I thought it appropriate to follow propagandawerks' post with this excerpt from Garet Garrett. He dates the revolution that killed America to the New Deal era. The full story can be found at these and other sites.
THE REVOLUTION WAS
by Garet Garrett
There are those who still think they are holding the pass against a revolution that may be coming up the road. But they are gazing in the wrong direction. The revolution is behind them. It went by in the Night of Depression, singing songs to freedom.
There are those who have never ceased to say very earnestly, "Something is going to happen to the American form of government if we don't watch out." These were the innocent disarmers. Their trust was in words. They had forgotten their Aristotle. More than 2,000 years ago he wrote of what can happen within the form, when "one thing takes the place of another, so that the ancient laws will remain, while the power will be in the hands of those who have brought about revolution in the state."
Worse outwitted were those who kept trying to make sense of the New Deal from the point of view of all that was implicit in the American scheme, charging it therefore with contradiction, fallacy, economic ignorance, and general incompetence to govern.
But it could not be so embarrassed and all that line was wasted, because, in the first place, it never intended to make that kind of sense, and secondly, it took off from nothing that was implicit in the American scheme. It took off from a revolutionary base. The design was European. Regarded from the point of view of revolutionary technic it made perfect sense. Its meaning was revolutionary and it had no other. For what it meant to do it was from the beginning consistent in principle, resourceful, intelligent, masterly in workmanship, and it made not one mistake.
The test came in the first one hundred days.
No matter how carefully a revolution may have been planned there is bound to be a crucial time. That comes when the actual seizure of power is taking place. In this case certain steps were necessary. They were difficult and daring steps. But more than that, they had to be taken in a certain sequence, with forethought and precision of timing. One out of place might have been fatal. What happened was that one followed another in exactly the right order, not one out of time or out of place.
Having passed this crisis, the New Deal went on from one problem to another, taking them in the proper order, according to revolutionary technic; and if the handling of one was inconsistent with the handling of another, even to the point of nullity, that was blunder in reverse. The effect was to keep people excited about one thing at a time, and divided, while steadily through all the uproar of outrage and confusion a certain end, held constantly in view, was pursued by main intention.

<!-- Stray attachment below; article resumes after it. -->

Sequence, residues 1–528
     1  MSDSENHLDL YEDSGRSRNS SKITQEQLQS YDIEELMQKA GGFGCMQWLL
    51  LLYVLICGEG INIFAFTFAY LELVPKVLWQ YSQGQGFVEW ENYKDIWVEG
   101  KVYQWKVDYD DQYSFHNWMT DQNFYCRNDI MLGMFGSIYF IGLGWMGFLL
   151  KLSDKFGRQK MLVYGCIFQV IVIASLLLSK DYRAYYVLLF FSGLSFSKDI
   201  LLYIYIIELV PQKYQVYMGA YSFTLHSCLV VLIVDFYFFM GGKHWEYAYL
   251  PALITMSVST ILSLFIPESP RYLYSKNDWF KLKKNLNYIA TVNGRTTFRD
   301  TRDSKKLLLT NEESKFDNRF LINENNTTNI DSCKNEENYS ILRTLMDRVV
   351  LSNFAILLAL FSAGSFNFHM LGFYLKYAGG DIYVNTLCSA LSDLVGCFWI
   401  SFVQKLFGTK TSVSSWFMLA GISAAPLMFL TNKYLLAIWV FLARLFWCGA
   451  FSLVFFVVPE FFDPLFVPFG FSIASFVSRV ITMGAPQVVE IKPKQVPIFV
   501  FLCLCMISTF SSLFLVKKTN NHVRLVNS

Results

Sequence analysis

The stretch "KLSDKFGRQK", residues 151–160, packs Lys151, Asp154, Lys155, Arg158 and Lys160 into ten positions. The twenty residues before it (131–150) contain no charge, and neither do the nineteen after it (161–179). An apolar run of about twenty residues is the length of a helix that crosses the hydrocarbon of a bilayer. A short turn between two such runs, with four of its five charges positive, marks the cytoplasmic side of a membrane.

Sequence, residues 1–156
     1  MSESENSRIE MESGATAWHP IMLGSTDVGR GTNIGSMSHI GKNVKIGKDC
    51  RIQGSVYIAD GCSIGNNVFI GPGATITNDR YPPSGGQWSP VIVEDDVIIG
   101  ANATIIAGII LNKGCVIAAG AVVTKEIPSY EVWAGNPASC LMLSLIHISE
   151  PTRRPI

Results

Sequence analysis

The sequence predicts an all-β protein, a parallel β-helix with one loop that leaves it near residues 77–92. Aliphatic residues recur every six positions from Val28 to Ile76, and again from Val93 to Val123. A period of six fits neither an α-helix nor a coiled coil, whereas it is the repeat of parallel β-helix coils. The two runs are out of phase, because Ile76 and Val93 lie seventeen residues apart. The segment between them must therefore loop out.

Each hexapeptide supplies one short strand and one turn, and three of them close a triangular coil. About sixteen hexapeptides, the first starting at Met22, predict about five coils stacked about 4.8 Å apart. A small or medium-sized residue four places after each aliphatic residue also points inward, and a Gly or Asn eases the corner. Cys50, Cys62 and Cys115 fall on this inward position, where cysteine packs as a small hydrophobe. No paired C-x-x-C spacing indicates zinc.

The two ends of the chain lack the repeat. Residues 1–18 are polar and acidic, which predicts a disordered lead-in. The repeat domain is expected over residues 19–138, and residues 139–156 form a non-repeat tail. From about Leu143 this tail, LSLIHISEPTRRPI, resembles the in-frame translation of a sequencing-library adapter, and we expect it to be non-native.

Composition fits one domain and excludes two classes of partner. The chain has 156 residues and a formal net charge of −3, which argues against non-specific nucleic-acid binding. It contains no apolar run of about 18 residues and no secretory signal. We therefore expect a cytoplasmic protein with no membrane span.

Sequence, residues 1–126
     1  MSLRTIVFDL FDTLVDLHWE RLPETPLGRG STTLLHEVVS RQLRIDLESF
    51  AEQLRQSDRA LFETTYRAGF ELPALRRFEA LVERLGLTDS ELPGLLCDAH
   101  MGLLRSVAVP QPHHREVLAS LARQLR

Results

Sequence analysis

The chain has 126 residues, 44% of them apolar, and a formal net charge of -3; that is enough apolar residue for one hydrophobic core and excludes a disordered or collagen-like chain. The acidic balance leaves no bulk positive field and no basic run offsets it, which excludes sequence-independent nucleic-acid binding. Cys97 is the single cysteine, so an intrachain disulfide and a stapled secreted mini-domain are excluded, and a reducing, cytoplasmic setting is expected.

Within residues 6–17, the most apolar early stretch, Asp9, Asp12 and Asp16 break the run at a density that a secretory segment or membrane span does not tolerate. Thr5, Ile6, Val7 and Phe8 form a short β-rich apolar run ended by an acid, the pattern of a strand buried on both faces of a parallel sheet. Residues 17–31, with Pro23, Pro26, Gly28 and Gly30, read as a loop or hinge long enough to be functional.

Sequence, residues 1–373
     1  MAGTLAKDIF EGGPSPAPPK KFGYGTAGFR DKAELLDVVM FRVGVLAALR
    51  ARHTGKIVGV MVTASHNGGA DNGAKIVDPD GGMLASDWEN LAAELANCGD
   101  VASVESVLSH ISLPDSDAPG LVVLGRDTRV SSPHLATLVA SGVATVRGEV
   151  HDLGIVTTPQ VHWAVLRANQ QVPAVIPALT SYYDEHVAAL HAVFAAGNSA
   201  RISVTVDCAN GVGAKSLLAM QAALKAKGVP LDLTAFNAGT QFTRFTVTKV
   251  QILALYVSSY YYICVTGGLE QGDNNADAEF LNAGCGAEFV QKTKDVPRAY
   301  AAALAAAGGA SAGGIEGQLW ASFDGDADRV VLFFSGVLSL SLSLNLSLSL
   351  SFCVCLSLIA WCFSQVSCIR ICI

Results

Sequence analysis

The end held constantly in view was power.
In a revolutionary situation mistakes and failures are not what they seem. They are scaffolding. Error is not repealed. It is compounded by a longer law, by more decrees and regulations, by further extensions of the administrative hand. As deLawd said in The Green Pastures, that when you have passed a miracle you have to pass another one to take care of it, so it was with the New Deal. Every miracle it passed, whether it went right or wrong, had one result. Executive power over the social and economic life of the nation was increased. Draw a curve to represent the rise of executive power and look there for the mistakes. You will not find them. The curve is consistent.
At the end of the first year, in his annual message to the Congress, January 4, 1934, President Roosevelt said: "It is to the eternal credit of the American people that this tremendous readjustment of our national life is being accomplished peacefully."
Peacefully if possible — of course.
But the revolutionary historian will go much further. Writing at some distance in time he will be much less impressed by the fact that it was peacefully accomplished than by the marvelous technic of bringing it to pass not only within the form but within the word, so that people were all the while fixed in the delusion that they were talking about the same things because they were using the same words. Opposite and violently hostile ideas were represented by the same word signs. This was the American people's first experience with dialectic according to Marx and Lenin.
Until it was too late few understood one like Julius C. Smith, of the American Bar Association, saying: "Is there any labor leader, any businessman, any lawyer or any other citizen of America so blind that he cannot see that this country is drifting at an accelerated pace into administrative absolutism similar to that which prevailed in the governments of antiquity, the governments of the Middle Ages, and in the great totalitarian governments of today? Make no mistake about it. Even as Mussolini and Hitler rose to absolute power under the forms of law... so may administrative absolutism be fastened upon this country within the Constitution and within the forms of law."
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